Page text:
Smartphone marketing wasn’t all that good in the early to mid 2010s. Many companies didn’t know how to appeal to their customers and resorted to bad gimmicks and even worse storylines in their ads, eliciting reactions from the uncomfortable smile to the full-on cringe. In this article, we’ll look at ten of the cringiest smartphone ads we’ve seen, or at least the ones that have been preserved online — some have unfortunately been indefinitely lost.
Oppo N1 stalker TVC guy
The first perfect example of a creepy ad that is certainly in bad taste is this Oppo N1 stalker commercial. No matter how cute and inoffensive the camera guy seems, he’s still taking pics of the actress from afar without her knowledge, flipping the camera back and forth to even take pics inside the van, and then he somehow has the nerve to show her the photos he took without her knowledge and she likes them? Errr, yikes.
Smartphone ads have tried everything to make the phone as exciting as possible, but I don’t recall any of them pushing the envelop as much as Oppo and its humanized Color OS ads. Add the tasteless innuendos about software protecting a woman from harassment and accompanying a man to bedtime, the bad acting, the even worse voice dubbing, and you have two ads that were instantly deleted but shouldn’t have been uploaded in the first place.
LG Dual Screen upskirt trick
Not to let Oppo outdo it on the stalker/creeper front, LG Poland’s TikTok shared then quickly deleted this obnoxious video of an old guy taking upskirt photos of a young woman, and deceiving her by pretending he was just taking selfies using the Dual Screen module on his phone. Having been on the receiving end of unwanted and uncomfortable 50+ year-old male attention, I can assure you, this is no fun joke.
LG G Flex mutant hand phone
Back in 2014, LG was trying to convince everyone that the way it curved its G Flex’ display was so much more natural than the Samsung Galaxy Round. The way it went about it, though, couldn’t have been worse. There’s the hand-mouth-ear chimera, the bad beard, the feeding of the mouth, the healing of the skin, and… let’s say the bonus scene after the credits is even worse..
HTC’s Hold The Crown rap
HTC has had its share of bad commercials, and one of those that we don’t remember fondly is the “Hold the Crown” rap anthem. You’d think the gold HTC pimp chain and sad lyrics making fun of other companies would be enough, but there had to also be a bad robotic voice, two Peter Chou references, and a ridiculous gym battle between two guys dressed as an iPhone (5S?) and HTC One M8.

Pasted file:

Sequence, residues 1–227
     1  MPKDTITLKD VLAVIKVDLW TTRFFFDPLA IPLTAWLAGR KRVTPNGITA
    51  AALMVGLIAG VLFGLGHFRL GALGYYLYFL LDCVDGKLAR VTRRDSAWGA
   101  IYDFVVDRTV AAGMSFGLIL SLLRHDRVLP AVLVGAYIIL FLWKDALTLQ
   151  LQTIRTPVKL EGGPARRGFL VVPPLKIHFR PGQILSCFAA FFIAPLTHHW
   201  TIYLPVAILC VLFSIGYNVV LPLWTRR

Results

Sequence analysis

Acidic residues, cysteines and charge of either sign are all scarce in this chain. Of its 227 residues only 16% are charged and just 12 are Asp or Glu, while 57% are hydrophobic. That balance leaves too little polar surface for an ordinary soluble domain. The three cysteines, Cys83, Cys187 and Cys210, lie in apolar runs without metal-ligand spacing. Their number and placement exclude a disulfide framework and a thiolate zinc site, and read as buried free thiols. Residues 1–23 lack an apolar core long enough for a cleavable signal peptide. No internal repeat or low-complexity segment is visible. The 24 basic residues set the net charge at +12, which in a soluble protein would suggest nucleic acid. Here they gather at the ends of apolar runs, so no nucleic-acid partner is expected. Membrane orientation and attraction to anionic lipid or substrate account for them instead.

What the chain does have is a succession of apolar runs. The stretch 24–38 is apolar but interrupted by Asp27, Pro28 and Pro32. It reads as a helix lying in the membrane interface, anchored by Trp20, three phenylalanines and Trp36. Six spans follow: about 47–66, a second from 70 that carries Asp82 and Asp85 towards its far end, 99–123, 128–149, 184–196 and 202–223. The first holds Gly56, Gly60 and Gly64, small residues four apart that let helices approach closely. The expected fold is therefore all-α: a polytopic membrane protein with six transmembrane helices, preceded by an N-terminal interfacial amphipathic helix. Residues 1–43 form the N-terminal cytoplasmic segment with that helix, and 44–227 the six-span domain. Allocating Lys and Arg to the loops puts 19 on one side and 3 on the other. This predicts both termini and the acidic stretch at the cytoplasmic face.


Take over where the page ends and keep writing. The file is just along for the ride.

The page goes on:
HTC’s Humongous Tinfoil Catamaran
Bringing Robert Downey Jr. as a celebrity endorsement didn’t seem like a bad idea until HTC decided to mix it with a “Here’s To Change” slogan that involved a humongous tinfoil catamaran, a hot tea catapult, and a Hawaiian tickle ceremony.
Xiaomi Mi 9 SE cheating boyfriend
In the same vein as LG’s bad-taste TikTok ad is this low-budget Xiaomi Mi 9 SE Twitter ad, featuring a guy trying to cheat on his girlfriend while she’s lying next to him, then getting caught because… he moved to adjust his phone in hand?! Xiaomi took it down soon after it was published, but not before it was immortalized by the internet.
Lenovo P90 and a grizzly bear
Bear with me while I try to make some sense out of this Lenovo P90 commercial. While I do appreciate the overbearing puns, I fail to understand why we needed to see two parts of an anthropomorphized bear’s story as it goes from zero to hero, complete with scooking, work meeting, and stationary bike examples. I guess this is still better than treating a phone software as if it were human — cough, Color OS, cough.
HTC’s Cellami drug commercial
And last but not least, we have HTC’s One M9 drug-like ad, which describes the symptoms of the “biphonal displeasure disorder” spoofing a real mental disorder in bad taste.
Although bad commercials are nowadays the exception more than the rule, and smartphone makers appear to be more aware of the acceptable ways to market their product, it’s fun to look back and see how terrible phone ads were in the early to mid-2010s, and how many silly gimmicks had to be employed to grab buyers’ attention.